Every year, Spring Training serves as a valuable tool to catch a glimpse of Boston Red Sox players, prospects and depth players as they prep for the 2016 season. But how much emphasis can really be put on their numbers they put up in the spring? Not much.
Remember back in 2013 when Jackie Bradley Jr. hit .419 with a .507 on-base percentage in 28 Spring Training games? Many were calling for him to crack the big league club albeit he hit .271 in double-A the year before. And it really screwed up his development as a ballplayer.
By that same token, remember when David Ortiz hit .054 in Spring Training back in 2014? How did that work out for him? Great, he hit 35 home runs for the first time since 2007 and did so in less at-bats than he had that year.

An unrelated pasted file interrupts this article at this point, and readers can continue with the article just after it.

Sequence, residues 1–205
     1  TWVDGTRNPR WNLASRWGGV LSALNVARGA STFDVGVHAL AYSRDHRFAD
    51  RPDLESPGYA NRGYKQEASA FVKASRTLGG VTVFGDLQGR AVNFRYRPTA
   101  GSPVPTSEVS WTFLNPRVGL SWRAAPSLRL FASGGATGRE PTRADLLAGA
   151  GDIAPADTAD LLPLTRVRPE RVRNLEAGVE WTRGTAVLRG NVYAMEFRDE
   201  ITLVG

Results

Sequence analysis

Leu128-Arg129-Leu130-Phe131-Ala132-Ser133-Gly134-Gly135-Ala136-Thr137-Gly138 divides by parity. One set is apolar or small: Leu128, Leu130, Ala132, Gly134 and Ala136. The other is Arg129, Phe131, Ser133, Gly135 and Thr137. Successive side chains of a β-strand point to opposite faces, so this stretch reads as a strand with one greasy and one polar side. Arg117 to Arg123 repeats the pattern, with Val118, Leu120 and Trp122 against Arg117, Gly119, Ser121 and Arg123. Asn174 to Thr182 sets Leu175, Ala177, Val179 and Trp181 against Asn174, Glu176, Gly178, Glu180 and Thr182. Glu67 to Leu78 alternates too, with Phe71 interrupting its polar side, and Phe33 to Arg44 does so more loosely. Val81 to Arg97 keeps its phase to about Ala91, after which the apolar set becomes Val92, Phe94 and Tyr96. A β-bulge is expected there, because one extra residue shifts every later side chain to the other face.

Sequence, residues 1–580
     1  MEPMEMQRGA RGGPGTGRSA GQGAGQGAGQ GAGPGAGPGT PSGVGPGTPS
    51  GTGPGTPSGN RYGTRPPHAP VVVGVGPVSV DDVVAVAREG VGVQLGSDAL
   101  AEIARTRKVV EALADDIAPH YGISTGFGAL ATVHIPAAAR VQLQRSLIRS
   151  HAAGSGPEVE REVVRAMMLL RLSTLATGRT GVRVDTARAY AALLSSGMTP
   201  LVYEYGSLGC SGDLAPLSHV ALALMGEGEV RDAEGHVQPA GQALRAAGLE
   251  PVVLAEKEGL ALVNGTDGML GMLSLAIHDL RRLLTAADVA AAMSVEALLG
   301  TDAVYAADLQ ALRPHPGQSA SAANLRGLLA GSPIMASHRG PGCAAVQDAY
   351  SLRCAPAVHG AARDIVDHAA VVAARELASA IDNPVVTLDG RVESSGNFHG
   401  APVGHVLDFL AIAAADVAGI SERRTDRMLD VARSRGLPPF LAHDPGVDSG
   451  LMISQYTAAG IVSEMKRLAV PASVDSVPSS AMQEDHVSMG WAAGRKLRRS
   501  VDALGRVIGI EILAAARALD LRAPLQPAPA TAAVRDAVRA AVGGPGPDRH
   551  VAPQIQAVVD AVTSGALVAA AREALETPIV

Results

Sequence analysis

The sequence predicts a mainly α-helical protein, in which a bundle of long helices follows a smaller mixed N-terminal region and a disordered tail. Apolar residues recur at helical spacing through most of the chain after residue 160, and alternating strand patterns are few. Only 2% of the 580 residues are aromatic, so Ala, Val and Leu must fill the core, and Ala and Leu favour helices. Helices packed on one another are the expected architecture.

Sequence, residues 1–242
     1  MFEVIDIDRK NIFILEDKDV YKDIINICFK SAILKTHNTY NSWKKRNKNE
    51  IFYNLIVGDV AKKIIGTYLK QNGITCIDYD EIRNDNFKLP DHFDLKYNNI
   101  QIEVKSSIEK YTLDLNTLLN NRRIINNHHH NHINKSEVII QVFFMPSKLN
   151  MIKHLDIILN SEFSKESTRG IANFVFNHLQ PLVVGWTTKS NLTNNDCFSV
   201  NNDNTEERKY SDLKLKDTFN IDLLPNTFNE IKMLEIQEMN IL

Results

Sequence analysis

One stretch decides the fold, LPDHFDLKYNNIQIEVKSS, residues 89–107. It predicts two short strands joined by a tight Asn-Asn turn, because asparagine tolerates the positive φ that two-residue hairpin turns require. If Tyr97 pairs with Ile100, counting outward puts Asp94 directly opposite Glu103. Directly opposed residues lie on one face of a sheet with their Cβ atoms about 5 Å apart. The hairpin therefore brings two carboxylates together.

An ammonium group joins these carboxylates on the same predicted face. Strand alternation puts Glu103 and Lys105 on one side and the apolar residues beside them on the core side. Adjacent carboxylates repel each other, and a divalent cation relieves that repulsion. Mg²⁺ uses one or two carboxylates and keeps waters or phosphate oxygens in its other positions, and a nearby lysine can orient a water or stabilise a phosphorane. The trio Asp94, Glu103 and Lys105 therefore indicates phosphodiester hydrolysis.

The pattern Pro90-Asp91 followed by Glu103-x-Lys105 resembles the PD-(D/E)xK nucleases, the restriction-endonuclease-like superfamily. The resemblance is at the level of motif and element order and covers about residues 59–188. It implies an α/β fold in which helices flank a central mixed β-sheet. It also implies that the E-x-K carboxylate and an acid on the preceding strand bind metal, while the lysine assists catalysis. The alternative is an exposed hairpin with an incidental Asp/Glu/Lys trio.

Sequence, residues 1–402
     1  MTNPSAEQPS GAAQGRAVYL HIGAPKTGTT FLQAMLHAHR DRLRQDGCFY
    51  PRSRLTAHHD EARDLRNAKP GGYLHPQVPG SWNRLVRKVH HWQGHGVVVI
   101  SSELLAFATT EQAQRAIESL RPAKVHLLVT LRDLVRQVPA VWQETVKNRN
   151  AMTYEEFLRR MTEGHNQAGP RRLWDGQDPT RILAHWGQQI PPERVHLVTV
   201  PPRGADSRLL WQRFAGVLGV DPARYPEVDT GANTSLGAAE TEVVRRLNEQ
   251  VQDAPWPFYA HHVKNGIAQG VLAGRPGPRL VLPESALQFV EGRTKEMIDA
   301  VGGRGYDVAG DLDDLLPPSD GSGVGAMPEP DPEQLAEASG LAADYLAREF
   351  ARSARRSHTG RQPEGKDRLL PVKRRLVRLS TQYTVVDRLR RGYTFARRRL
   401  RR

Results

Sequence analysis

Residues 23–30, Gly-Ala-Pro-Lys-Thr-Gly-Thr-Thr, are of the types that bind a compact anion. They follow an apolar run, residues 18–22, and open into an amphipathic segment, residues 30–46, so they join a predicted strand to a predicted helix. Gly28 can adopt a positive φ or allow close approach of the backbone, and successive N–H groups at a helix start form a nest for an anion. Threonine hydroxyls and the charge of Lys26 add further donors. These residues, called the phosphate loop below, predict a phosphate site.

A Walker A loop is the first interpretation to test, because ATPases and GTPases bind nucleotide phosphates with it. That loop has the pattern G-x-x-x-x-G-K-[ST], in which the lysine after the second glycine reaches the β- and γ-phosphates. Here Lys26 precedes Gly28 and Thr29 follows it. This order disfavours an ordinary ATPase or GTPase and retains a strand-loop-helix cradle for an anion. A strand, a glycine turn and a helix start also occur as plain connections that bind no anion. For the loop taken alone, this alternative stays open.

Jake Fox never played for the Red Sox, but he led all of baseball with 10 Spring Training home runs in 2011. He was designated for assignment on June 1 by his Baltimore Orioles that season.
Players do not always necessarily treat these spring training games like real games. The games serve as an opportunity to see live pitching or to face live hitters. It really gives players a chance to work on whatever they want and to get back in the swing of things for the regular season.
If any Spring Training stats are considered at all, then these should be the ones later on in March — closer to when the season actually starts. But even those are not always a great indication either.
This is why position battles in the spring can be puzzling because realistically, it will not always be the guy with the better spring stats — nor should it be.
Right now, the Red Sox are 3-2 in Grapefruit League action — not that it really means much.